The Polish Underground, on the initiative of the Home Army's Jewish Affairs Bureau and Catholic organizations, also established one of the largest Jewish aid networks in German-occupied Europe. The Council for Aid to the Jews (Żegota) was established in December 1942 under the auspices of the Delegate's Bureau. The organization, with funds from the Polish government-in-exile and Jewish organizations in the US and Britain, gave assistance to Jews hiding outside of ghettos and camps. It provided the essentials needed for survival on the Aryan side: sets of false papers, money, work permits, and shelter. Perhaps the most outstanding representative of Żegota was Irena Sendler, who, with her legion of Polish helpers, rescued an estimated 350 children from the Warsaw Ghetto.4  Żegota also included Jews on its executive board, such as Adolf Berman and Shmuel Feiner, thus making it a collaborative, Polish-Jewish aid organization.

The Polish Underground also played a key role in getting out vital information to the free world about the fate of the Jews in what became known as the Holocaust. The Home Army’s Jewish Affairs Bureau chief, Henryk Woliński, was instrumental in preparing reports on the ghettos and death camps for the underground authorities in Warsaw. A steady flow of these reports, beginning in the second half of 1941, reached London where they provided the Polish government-in-exile with enough reliable evidence that it presented to the United Nations as proof of Nazi crimes.5 In occupied Poland, the clandestine press of the Home Army and Delegate’s Bureau, with few exceptions, aggressively informed Polish society about the course of the Holocaust. It also used its pages for the dissemination of death sentences on Polish szmalcowniks.6

Geography was another factor that accounts for the immensely varied response of the Polish Underground to the persecution and destruction of the Jews during World War II. The Home Army in Eastern Poland, established in 1941-1942, brought into the ranks of the underground new social and political elements. In northeastern Poland, in particular, the attitude towards the Jews was more decidedly hostile than in other parts of Poland. Here, in territory that the Soviet Union officially regarded as their own, the local Home Army often saw Soviet partisans as a greater threat than were the Germans. As the tide of the war turned inexorably in favor of the Soviets, and it became clear that liberation was going to come from the east, and together with it the threat of long-term Communist occupation, the Home Army in northeastern Poland increasingly identified local Jews as hostile, pro-Soviet elements. This led to several cases of local Home Army commanders waging battles against Jewish partisans desperately trying to survive in the forests. Reports of local Home Army commanders to the district chiefs in northeastern Poland falsely labeled Jewish partisans “Bolshevik-Jewish bands”. Jewish partisans in the area of Nowogródek, Białystok, Vilna and Lublin often lived in fear of repercussions and persecution at the hands of the Home Army.7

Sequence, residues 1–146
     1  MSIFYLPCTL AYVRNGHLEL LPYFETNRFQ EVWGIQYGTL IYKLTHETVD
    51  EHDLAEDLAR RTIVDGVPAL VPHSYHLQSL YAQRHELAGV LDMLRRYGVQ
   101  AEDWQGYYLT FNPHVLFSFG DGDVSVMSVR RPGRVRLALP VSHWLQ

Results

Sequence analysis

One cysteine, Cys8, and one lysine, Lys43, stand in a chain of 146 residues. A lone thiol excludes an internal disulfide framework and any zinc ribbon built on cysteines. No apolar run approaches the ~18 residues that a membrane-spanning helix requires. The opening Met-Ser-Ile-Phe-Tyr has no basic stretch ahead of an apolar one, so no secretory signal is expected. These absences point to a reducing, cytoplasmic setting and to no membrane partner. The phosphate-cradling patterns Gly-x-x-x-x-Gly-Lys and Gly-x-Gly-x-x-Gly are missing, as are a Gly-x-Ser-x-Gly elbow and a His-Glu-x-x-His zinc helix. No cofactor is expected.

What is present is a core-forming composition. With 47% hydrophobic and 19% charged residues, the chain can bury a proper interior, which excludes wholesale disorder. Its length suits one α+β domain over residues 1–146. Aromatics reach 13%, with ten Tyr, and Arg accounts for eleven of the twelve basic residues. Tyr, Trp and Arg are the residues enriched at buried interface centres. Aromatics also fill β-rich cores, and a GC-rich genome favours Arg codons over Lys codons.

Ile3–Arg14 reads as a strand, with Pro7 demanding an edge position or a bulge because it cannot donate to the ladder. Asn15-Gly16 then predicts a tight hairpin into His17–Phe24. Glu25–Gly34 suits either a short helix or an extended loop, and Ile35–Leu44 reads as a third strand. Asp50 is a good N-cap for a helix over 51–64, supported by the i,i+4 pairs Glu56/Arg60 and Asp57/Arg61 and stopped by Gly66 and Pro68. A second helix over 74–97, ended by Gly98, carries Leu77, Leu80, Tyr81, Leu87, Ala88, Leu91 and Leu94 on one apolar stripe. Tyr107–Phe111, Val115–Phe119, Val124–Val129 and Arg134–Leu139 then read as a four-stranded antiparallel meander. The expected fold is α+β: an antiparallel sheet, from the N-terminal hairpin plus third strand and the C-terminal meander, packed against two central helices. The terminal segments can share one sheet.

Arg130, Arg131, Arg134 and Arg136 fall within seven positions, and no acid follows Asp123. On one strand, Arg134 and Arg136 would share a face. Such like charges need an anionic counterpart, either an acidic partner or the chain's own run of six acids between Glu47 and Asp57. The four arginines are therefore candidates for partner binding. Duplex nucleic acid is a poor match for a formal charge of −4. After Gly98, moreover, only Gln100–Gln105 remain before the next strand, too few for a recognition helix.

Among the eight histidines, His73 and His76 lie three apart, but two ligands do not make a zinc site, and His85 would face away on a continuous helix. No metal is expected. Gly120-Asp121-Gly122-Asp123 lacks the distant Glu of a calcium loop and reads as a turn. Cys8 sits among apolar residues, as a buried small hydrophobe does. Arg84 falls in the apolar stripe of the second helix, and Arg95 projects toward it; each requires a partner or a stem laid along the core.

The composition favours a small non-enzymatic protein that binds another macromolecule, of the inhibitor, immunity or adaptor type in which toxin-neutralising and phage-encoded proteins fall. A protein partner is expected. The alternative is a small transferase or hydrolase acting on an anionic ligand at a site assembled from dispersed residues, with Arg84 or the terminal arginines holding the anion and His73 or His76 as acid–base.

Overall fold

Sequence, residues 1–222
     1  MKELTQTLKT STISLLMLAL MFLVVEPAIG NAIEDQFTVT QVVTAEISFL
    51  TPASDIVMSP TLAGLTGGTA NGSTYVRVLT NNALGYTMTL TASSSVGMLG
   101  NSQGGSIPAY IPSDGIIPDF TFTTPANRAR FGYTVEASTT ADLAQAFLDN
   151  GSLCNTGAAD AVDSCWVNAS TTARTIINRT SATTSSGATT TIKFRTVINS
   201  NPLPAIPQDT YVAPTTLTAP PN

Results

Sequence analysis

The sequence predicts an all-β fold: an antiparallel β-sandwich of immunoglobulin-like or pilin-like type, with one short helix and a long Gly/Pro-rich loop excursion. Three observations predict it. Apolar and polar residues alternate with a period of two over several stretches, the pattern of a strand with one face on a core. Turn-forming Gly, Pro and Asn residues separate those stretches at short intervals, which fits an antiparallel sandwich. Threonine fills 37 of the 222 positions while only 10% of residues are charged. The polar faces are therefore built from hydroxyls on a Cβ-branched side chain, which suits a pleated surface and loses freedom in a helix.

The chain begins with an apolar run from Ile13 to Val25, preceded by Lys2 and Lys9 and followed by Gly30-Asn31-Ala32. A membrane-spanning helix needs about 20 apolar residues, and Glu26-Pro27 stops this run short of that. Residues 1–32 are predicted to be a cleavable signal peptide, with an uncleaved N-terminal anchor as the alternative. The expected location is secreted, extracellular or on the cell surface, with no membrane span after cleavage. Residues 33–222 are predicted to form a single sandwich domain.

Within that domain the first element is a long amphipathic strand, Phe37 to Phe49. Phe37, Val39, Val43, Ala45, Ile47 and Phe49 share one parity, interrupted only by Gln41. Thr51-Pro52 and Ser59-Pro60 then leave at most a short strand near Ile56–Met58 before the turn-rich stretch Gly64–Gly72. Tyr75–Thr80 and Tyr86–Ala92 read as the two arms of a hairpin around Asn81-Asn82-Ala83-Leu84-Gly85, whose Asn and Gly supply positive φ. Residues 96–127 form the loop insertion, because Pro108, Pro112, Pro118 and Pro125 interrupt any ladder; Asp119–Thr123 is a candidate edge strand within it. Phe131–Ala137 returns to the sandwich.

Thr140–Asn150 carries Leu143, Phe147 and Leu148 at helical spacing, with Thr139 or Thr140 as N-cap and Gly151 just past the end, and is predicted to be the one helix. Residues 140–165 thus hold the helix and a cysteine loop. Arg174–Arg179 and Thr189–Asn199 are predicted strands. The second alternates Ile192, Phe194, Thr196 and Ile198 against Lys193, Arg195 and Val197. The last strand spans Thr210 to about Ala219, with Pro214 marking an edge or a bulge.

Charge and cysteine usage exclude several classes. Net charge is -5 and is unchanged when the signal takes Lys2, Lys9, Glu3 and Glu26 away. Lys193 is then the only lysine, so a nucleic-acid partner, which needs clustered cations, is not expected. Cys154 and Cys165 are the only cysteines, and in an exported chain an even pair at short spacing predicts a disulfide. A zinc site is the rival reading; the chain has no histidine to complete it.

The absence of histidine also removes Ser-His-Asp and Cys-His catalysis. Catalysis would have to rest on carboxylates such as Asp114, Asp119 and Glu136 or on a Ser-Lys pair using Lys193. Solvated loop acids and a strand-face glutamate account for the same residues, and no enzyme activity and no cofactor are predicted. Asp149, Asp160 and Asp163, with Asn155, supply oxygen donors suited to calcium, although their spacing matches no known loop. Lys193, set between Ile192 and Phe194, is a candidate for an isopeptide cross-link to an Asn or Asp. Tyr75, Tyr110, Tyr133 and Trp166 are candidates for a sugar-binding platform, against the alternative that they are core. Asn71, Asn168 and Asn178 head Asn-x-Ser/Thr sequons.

Jewish partisans in Eastern Poland commented on this phenomenon. “The members of the Armia Krajowa,” Harold Werner remarked, “were very anti-Semitic, exhibiting the same attitudes they had held before the war. Now, however, they were armed, and Jews were ‘fair game’ for their attacks.”8  Still, others, like Norman and Amalie Salsitz, concurred. Norman, who posed as a Catholic when he joined the Armia Krajowa in Eastern Poland, shared the organization's goal of defeating the German Nazis. Yet the antisemitic orientation of his unit became quickly clear. When the unit commander authorized a mission to murder Jews hiding in a bunker on a local farm, Norman volunteered. As the unit approached the farmland, Norman turned on his unit, shooting the AK members in order to free the three hidden Jews. It is not surprising, therefore, that Norman and his wife – also a former partisan – later remarked that "the AK groups began to roam the forests and they proved just as dangerous to us as were the Germans.”9